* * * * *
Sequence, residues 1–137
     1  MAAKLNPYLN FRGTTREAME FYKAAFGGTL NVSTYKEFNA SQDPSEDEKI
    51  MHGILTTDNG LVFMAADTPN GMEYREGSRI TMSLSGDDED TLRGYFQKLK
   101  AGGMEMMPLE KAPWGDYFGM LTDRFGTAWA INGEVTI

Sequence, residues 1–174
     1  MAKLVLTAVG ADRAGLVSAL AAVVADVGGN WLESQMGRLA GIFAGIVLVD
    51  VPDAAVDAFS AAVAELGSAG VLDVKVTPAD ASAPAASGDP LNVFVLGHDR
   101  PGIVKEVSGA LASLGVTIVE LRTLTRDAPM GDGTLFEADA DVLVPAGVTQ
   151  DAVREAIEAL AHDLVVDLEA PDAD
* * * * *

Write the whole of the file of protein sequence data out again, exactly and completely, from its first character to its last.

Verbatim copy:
Sequence, residues 1–137
     1  MAAKLNPYLN FRGTTREAME FYKAAFGGTL NVSTYKEFNA SQDPSEDEKI
    51  MHGILTTDNG LVFMAADTPN GMEYREGSRI TMSLSGDDED TLRGYFQKLK
   101  AGGMEMMPLE KAPWGDYFGM LTDRFGTAWA INGEVTI

Sequence, residues 1–174
     1  MAKLVLTAVG ADRAGLVSAL AAVVADVGGN WLESQMGRLA GIFAGIVLVD
    51  VPDAAVDAFS AAVAELGSAG VLDVKVTPAD ASAPAASGDP LNVFVLGHDR
   101  PGIVKEVSGA LASLGVTIVE LRTLTRDAPM GDGTLFEADA DVLVPAGVTQ
   151  DAVREAIEAL AHDLVVDLEA PDAD